Walked home, watched the news and the lottery like we do every night. The lotto here is a bit different and I’m not sure exactly how it works but the host fam seems to win something like every night. Last night was $3 tonight was $20! After a whole buncha things happened at once. Well two things. First a moto semi crashed, more like fell over in front of the house. The one kid got up and got the moto up and the other wasn’t really moving so my host mom went down there and then he got up, he had just cut his leg. Then this boy showed up holding a screaming piglet about a month old. I’m not sure who the boy was hmom started to tie a rope around its neck and middle like a harness and I thought the boy just need a rope and was showing us his piglet, but then he walked away and left the piglet with us. But he was sooooooooo cute and little. Also terrified out of his mind, deff taken away from his mom way to young but, I could go into a whole entry about how they treat animals here which I won’t do right now. Uh. Anyway after we gave him food for him to step in and he stopped squealing I asked “Por Que tenemos este conchito?” (Why do we have this piglet?) and apparently it was a regalo (gift) and then I asked the question I already knew the answer too : What are we going to do with it *wince*. “We will kill it in four months and eat it”. Of course this I knew. But he’s sooo cute! Can’t get attached! Just like the fuzzy little chicks that hatched last week! Our yard is overflowing with cuteness I can’t even handle it. and more chicks are going to hatch in a couple days!
So today was our half day tech session in which we started our own huerta! We had to finish building a fence, hoe out all the grass, turn over the soil with shovels to aerate it, rake it down, make raised beds and plant the veggies. No standing next to a plot of land and it’s all of a sudden a plot to sew (Farmville). NO! this was 3 hours of hard labor with the hot hot hot sun on our backs and Terere by our side. So much work to get some lettuce, I now have a new appreciation for those little veggies we all eat.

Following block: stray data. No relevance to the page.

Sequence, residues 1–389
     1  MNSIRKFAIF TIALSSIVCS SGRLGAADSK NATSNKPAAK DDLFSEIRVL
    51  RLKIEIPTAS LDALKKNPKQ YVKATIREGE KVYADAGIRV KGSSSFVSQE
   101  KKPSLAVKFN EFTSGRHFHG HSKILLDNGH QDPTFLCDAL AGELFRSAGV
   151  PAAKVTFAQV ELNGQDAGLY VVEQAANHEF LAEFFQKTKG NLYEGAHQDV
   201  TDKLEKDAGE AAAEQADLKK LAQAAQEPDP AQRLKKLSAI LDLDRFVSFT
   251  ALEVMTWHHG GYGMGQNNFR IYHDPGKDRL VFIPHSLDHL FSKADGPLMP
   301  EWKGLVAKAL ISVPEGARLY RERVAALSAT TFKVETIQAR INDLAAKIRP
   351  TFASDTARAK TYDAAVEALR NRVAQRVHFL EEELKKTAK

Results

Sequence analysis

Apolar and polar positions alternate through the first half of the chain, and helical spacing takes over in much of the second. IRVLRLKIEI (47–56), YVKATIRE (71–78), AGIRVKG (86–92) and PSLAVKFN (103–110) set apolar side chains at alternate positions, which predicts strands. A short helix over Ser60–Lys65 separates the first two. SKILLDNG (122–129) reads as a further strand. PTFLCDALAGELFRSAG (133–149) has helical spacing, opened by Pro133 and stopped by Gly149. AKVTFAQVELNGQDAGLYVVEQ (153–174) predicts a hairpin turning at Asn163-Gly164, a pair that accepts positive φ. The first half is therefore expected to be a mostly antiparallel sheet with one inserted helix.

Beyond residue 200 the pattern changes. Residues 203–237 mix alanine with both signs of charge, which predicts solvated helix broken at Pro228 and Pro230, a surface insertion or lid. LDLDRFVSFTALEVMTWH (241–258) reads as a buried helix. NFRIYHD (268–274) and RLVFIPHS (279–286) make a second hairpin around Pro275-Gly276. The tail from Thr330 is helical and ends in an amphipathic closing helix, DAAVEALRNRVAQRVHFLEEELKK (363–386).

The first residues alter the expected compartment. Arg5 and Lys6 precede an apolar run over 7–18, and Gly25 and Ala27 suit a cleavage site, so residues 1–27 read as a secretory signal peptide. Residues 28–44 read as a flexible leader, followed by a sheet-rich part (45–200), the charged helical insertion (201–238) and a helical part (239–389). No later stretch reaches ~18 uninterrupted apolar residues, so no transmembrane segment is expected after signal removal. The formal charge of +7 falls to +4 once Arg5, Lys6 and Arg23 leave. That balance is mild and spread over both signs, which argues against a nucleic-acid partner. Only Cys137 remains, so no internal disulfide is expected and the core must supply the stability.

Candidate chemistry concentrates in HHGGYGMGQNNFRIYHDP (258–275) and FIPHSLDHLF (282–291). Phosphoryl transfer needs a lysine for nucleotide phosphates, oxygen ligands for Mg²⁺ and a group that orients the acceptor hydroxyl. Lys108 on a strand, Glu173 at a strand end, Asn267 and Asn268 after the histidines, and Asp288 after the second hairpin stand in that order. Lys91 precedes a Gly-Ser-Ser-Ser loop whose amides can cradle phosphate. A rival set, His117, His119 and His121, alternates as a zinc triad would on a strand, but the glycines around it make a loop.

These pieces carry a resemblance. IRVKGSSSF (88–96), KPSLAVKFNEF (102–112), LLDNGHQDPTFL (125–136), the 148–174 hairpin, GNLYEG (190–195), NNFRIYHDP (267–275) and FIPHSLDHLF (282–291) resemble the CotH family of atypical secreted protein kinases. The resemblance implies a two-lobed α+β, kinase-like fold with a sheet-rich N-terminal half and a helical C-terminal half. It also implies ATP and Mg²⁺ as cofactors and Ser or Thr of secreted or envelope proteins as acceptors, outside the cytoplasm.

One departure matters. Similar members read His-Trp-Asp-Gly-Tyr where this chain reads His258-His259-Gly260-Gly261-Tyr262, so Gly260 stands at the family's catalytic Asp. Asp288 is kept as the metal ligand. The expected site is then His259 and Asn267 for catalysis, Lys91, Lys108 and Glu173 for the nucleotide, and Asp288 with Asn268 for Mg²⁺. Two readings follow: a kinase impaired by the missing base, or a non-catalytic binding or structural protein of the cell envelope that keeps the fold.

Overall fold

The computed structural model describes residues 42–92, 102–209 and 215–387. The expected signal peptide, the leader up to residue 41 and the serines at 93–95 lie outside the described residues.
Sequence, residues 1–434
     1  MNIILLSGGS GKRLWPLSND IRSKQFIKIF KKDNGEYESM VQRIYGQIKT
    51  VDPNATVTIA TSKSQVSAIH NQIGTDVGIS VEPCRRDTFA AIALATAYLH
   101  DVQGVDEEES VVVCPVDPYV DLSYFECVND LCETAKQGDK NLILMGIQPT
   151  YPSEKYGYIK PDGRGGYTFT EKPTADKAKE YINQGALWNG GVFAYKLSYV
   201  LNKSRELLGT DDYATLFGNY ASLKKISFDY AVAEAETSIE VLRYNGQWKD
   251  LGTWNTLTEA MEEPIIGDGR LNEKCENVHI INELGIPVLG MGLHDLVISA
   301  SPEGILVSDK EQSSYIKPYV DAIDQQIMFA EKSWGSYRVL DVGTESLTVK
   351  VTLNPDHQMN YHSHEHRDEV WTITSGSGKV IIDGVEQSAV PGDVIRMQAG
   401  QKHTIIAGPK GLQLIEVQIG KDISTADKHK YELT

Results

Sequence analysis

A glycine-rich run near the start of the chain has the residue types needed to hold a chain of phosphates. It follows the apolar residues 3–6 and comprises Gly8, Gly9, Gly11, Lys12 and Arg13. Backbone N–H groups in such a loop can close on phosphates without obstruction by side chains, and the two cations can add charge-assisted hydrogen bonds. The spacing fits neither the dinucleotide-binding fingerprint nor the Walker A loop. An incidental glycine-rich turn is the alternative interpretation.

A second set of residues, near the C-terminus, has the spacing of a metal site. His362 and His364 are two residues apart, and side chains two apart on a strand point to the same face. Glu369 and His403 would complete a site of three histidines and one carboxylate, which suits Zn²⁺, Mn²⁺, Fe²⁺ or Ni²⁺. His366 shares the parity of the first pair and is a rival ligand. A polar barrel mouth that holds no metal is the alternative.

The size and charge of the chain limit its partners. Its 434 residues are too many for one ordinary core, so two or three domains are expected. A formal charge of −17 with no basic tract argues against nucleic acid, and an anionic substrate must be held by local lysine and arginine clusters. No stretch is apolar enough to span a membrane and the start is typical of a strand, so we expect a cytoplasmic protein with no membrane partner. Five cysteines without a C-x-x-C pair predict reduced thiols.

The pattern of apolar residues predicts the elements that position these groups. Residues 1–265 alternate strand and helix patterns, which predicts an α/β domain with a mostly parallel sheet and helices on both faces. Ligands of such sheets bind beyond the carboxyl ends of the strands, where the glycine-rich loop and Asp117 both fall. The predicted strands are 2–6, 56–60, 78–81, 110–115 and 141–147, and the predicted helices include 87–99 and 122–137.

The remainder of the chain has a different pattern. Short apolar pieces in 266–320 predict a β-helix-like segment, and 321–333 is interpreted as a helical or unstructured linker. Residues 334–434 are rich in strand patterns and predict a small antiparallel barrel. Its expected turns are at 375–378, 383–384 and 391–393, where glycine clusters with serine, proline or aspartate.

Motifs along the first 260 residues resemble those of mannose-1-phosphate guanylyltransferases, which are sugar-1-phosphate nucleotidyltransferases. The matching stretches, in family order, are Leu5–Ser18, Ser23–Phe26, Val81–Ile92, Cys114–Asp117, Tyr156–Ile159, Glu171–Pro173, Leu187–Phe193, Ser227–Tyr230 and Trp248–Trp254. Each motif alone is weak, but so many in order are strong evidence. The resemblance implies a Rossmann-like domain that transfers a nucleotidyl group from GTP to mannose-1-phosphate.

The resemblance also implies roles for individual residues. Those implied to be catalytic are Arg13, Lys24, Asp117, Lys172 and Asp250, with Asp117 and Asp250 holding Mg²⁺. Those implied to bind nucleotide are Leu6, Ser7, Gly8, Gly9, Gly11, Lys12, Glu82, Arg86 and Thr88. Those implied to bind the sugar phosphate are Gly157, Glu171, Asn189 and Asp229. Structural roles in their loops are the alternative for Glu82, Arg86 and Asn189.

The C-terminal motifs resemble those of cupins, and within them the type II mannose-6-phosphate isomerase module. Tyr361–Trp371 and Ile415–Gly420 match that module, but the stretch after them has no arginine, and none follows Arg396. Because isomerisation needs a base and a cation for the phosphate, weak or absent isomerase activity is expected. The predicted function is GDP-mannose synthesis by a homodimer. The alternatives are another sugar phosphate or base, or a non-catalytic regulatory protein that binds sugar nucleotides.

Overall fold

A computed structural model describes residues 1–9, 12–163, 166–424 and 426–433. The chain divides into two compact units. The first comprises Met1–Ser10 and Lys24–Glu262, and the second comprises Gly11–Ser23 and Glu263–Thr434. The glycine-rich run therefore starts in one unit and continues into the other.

The other night when we were walking our friendly neighborhood farmer invited us into his garden to see his vegetables. He had rows of goodies and he gave us some lettuce and squash to take home. He was just a random guy who said hi to us on the road who wanted to share his garden with us. He was very excited about it. He also showed us his pig he was going to slaughter for new years and invited us into his house for a piece of something that was a pig skin roll with fat. It made my stomach turn just to look at it but he was so happy to give it to us and 4 slices off so we could try it. Omg. We all didn’t know what to do. First off more than half the people in EE are/were vegetarians or ate little meat, which is funny (but not really) because we’re all here in a country who loooooves their meat and thinks you’re absolutely crazy if you don’t. So we all took our slices in a napkin and said we would try it later (by that we meant we’d give it to one of the street dogs). Then he gave us a piece of sopa Paraguay, the countries national dish, which I already knew I didn’t like. I took a bite (it’s kinda like corn bread) and chewed for awhile until I knew I could muscle it down without gagging. After we said our thanks and left I gave my pig skin roll to Mangey, our favorite street dog who we named for his mange, who was very happy to have it.
On another side note, I was sitting outside tonight with the h sis and h dad talking about the environment and the US and Paraguay and Mayans and toads when I realized we were having an actual fast paced conversation without me stopping to think about what words I need to use. Grant it I’m sure my grammar was scary but it’s all about the small steps!
here are some pics: the first one is our Pingy the cat